Table of Contents

Nasty, brutish, and short : criminal trials before the lawyer.
Delusion and its discontents.
When practitioners become professionals : the alienists' claim to knowledge.
The diagnosis in the dock.
The witness takes the stand.
Homicidal mania : provenance and cultural context.
The view from the bench : judicial discretion and forensic-psychiatric evidence.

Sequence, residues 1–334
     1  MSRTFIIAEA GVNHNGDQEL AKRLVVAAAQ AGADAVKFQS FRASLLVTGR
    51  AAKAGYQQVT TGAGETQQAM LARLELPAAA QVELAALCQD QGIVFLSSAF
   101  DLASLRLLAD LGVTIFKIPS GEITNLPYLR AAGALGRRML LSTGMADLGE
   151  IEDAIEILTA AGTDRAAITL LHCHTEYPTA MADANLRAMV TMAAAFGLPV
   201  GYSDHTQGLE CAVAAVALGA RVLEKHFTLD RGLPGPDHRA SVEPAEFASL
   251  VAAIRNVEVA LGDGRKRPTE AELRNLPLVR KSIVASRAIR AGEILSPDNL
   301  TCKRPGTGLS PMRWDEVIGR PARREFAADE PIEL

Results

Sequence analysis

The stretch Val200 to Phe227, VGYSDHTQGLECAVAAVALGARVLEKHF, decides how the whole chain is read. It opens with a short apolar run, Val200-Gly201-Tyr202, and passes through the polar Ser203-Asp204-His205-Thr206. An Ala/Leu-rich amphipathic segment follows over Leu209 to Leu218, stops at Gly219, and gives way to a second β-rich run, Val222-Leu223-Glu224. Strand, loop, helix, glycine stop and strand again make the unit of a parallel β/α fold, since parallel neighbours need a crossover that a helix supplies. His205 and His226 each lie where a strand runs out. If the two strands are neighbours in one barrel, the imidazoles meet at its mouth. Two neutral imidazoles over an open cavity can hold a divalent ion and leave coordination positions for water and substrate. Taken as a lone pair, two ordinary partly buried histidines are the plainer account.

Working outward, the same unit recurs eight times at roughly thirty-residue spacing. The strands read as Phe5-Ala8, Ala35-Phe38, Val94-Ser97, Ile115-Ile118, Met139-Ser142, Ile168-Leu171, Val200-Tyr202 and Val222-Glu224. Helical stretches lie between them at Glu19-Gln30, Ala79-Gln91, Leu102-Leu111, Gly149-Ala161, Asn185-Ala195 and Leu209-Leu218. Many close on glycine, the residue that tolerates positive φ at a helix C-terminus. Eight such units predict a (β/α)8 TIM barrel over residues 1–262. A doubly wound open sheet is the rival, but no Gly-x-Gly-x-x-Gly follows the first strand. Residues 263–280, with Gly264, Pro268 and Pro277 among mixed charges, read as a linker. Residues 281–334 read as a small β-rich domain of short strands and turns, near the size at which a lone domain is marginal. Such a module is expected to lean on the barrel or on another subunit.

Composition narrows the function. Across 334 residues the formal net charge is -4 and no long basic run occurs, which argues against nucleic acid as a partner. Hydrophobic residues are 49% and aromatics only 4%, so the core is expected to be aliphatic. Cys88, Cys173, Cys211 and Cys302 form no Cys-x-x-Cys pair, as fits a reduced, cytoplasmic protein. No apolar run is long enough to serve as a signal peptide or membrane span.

Conclusion : on the origins of diagnosis. Shortly before she pushed her infant daughter headfirst into a bucket of water and fastened the lid, Annie Cherry warmed the pail because, as she later explained to a police officer, "It would have been cruel to put her in cold water." Afterwards, this mother sat down and poured herself a cup of tea. At Cherry's trial at the Old Bailey in 1877, Henry Charlton Bastian, physician to the National Hospital for the Paralyzed and Epileptic, focused his testimony on her preternatural calm following the drowning. Like many other late Victorian medical men, Bastian believed that the mother's act and her subsequent behavior indicated homicidal mania, a novel species of madness that challenged the law's criterion for assigning criminal culpability. How did Dr. Bastian and his cohort of London's physicians, surgeons, and apothecaries-originally known as "mad-doctors"--Arrive at such an innovative diagnosis, and how did they defend it in court? Mad-Doctors in the Dock is a sophisticated exploration of the history of the insanity defense in the English courtroom from the middle of the eighteenth century to the early twentieth century.